Why we use plugins anyway? I don't get it

So I wan't to know something, I using Joplin quite a while of time, but I always think about plugins.
A lot of good and good functionality is adding by plugins developers.

Why? For what purposes? Plugins are not make the Joplin more heavy loaded and slower work?

I mean maybe it was good on low level languages, but on electron and react-native is not a good idea(for me), its like using vscode with plugins, more plugins more usage of resources.

Why we can't add the functionallity that plugins provide to Joplin itself and ask quite a nice for plugins developers to implement those functionality to Joplin.

I don't mean to be harsh to anyone here.

From what I read here: It’s all about capacity for maintenance, I think. Once a plugin is an integrated part of Joplin core, it has to be maintaint by the core team, which is really, really small from what I know.

If a plugin is outdated…it’s maybe not nice, but no dealbreaker for the Joplin core as a whole.

And is it perhaps easier to add a plugin, than to integrate a function into the main code, if you as a developer just like to contribute this one desired functionality, that you need?


If only a fraction of the user base needs a certain feature (and there are loads of plugins that are for features like that) then it doesn't make sense to complicate the whole app.

There is always the possibility to eventually move a plugin's functionality into core. But I don't think that has happened yet.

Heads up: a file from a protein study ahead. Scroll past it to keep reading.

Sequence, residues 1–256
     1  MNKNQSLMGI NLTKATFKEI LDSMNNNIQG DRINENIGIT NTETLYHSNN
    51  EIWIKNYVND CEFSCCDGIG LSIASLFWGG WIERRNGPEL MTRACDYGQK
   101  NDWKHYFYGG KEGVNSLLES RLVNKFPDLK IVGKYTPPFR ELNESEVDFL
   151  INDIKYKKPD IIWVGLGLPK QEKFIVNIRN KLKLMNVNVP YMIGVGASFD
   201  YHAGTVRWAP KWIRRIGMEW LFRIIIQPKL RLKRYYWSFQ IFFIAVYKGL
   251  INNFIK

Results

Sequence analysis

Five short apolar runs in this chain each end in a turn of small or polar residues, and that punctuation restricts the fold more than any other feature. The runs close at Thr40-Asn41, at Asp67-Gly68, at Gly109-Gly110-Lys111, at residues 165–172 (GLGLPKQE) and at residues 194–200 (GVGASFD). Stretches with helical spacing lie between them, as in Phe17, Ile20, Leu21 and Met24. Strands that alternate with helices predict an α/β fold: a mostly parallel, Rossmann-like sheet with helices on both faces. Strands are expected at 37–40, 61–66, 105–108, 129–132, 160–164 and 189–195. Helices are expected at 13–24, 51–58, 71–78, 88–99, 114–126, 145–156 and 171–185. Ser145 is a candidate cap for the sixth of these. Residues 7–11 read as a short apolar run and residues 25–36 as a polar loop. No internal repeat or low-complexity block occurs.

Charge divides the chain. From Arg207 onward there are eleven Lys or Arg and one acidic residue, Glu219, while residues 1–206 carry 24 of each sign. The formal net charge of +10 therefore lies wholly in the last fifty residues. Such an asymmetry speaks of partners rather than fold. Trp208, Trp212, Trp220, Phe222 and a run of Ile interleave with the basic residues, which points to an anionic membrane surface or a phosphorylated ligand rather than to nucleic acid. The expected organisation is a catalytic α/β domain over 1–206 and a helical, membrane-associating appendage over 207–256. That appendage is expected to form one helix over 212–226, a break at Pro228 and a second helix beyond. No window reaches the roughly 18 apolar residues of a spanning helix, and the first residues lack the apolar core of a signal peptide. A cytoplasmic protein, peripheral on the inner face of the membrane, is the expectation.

There is another aspect not mentioned ... speed. Each plugin or feature adds to the overhead of the program. And if you get a lot of them, you can see it start to affect your system. With plugins, you can install what you need, and turn it off or uninstall when you don't to save resources. If it was internal, you may not have this option.


Exactly. And I can't tell you how many times in FOSS they will add a new feature to the core code and it's met with a chorus of "Give us the option to disable!!!" :joy:



IMHO there is only one plug-in so far that has the functionality that I believe would be better as part of the core package. That is the Simple Backup plug-in. I feel that users should have the facility to backup from the point of install rather than have to learn that plug-ins exist and then go and search to see if something is available to make backups.


I completely agree. That one (backup) was the one plugin, that I was thinking of being a core feature naturally, when writing my last message here.


I see plugins as a way to allow those 2 or 3 people that want a feature to have it without forcing everybody else to slow down their system. I've seen Joplin go from 94MB to today's 234MB and a lot of that may be due to new "features" that people have requested. Pretty soon it will move into the Evernote class where it will do everything, it will just take ten minutes to do anything. I love plugins because I can ignore those I don't need.


Your words have a lot of logic here. If the core functionality will grow, the Joplin will be eating resources as good browser.

But this is electron and react native frameworks, and this is the problem with that.
It's not resource optimized that all.

But can we create the option to turn on and off the options? Like in native android apps on java\Kotlin?